Africa has declared victory over a virus that once paralysed 75,000 children on the continent every year.
Four years have now passed since wild polio was last detected in Africa. After a year of rigorously evaluating polio data from all 47 countries in the WHO’s African region, an independent body of experts announced during a virtual ceremony on Tuesdaythat the continent was free of wild polio.
The magnitude of this achievement cannot be overstated. It should inspire confidence in Africa’s ability to overcome even the most formidable public health challenges.
How we got here is a remarkable story that shows what Africa can achieve when its nations unite behind a common goal.
In 1996, African heads of state committed to eradicating polio at a session of the Organisation of African Unity in Yaoundé, Cameroon. That year, Nelson Mandela launched the Kick Polio Out of Africa campaign, with the support of Rotary International. Africans answered his call, setting in motion historic levels of international cooperation. In 2000, the first multi-country synchronised polio vaccination campaigns reached 76 million children across 17 countries in west and central Africa. Two million of these children had never been vaccinated.
Sixteen years and billions – yes, billions – of vaccinations later, Africa’s last wild poliovirus outbreak hit northern Nigeria. Recognising the risk, the region rapidly mobilised a response. With support from the Global Polio Eradication Initiative (GPEI), a taskforce was set up to help Nigeria, Niger, Cameroon, Chad and the Central African Republic coordinate and roll out an emergency outbreak response campaign to reach 45 million children.
Multinational campaigns on this scale are extraordinarily complex. Each country’s surveillance and vaccination teams work to implement campaigns over vast areas, using detailed micro-planning to ensure every settlement is reached.
The diversity of Africa’s terrain, cultures and languages, along with the disruption of health systems because of migration, conflict and climate change, have created additional challenges.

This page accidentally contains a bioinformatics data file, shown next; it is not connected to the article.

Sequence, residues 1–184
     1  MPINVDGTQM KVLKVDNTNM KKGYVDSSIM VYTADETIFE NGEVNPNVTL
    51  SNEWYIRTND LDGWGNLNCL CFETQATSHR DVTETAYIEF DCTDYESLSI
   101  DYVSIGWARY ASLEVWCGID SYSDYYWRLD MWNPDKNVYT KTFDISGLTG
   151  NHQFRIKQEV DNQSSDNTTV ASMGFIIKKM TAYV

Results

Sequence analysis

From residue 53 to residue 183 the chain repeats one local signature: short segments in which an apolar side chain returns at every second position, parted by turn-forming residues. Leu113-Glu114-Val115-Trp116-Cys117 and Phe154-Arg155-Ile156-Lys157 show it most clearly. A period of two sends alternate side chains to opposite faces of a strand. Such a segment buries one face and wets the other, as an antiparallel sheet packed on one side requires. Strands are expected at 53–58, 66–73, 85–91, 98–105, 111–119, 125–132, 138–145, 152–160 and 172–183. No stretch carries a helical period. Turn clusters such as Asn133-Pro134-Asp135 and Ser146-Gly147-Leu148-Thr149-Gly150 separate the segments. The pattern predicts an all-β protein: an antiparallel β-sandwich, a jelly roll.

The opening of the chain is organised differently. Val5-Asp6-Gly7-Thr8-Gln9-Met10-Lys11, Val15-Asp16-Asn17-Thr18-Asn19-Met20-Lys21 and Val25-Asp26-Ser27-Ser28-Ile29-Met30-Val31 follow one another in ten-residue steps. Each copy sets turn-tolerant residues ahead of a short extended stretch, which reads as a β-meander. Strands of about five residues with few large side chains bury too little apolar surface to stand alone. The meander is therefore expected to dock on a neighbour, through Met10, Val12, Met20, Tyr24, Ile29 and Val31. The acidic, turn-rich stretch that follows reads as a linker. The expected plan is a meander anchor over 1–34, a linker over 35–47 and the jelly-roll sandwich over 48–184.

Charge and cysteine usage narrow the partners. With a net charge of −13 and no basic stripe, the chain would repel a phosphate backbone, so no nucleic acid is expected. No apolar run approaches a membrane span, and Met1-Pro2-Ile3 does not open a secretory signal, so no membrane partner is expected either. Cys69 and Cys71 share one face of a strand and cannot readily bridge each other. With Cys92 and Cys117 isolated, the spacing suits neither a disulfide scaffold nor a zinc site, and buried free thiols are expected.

Africa’s polio eradication programme responded to these obstacles by constantly innovating and adapting its strategies. The programme developed a unique technique to reach children in insecure areas of the Lake Chad basin. Special transit teams were established in fixed locations with heavy traffic, such as markets and border checkpoints. In 2017 alone, transit teams stationed in one Nigerian city vaccinated 299,000 children moving out of conflict-affected areas of Borno state.
Reaching children in the most remote and insecure corners of the continent has not been easy. Some health workers lost their lives and I pay tribute to them. Their sacrifices have led us to where we are today.
The infrastructure and expertise developed to fight polio have played a major role in strengthening other health services. In Chad, polio vaccination strategies are used to reach nomadic populations with perinatal healthcare and routine immunisation services. Across the continent, thousands of workers integrate surveillance for other diseases in their search for polio cases, which has helped scale up surveillance networks.
Today, the polio programme plays an important role in Africa’s fight against Covid-19. Staff and resources are supporting countries to coordinate outbreak responses, educate the public and conduct contact tracing, data management and surveillance.
But history tells us that we must remain vigilant. While the wild virus is no longer circulating in Africa, it continues to infect children in Pakistan and Afghanistan. In the early 2000s, international spread of wild polio from India to several African countries showed how easily the virus can reappear if we let our guard down. Until polio is eradicated globally, all countries need to maintain high population immunity levels.
High vaccination rates are also needed to stop outbreaks of circulating vaccine-derived polio (cVDPV), which can occur when not enough children receive the oral polio vaccine. Sixteen countries are currently experiencing cVDPV outbreaks and the pause in vaccination programmes during Covid-19 is expected to increase transmissions. But it’s encouraging that some countries have restarted cVDPV response campaigns, under coronavirus pandemic control guidelines.
Tuesday’s certification ceremony – attended virtually by heads of state, health ministers, GPEI leaders and programme funders – was a moment to honour the heroic vaccinators, experts and community mobilisers who made this historic achievement possible. Amid celebrations, we must remember that this progress is fragile. We must redouble our commitment to keep wild polio out of Africa, and end cVDPVs.
The path ahead will not be easy, faced as we are with the new obstacle of Covid-19, but we have overcome setbacks before. And we are now armed with expertise and infrastructure developed by the polio programme over decades, and proof that no challenge can shake the commitment of African leaders and people.
The triumph over wild polio leaves no doubt in my mind that when we act together, Africa can achieve the most ambitious goals.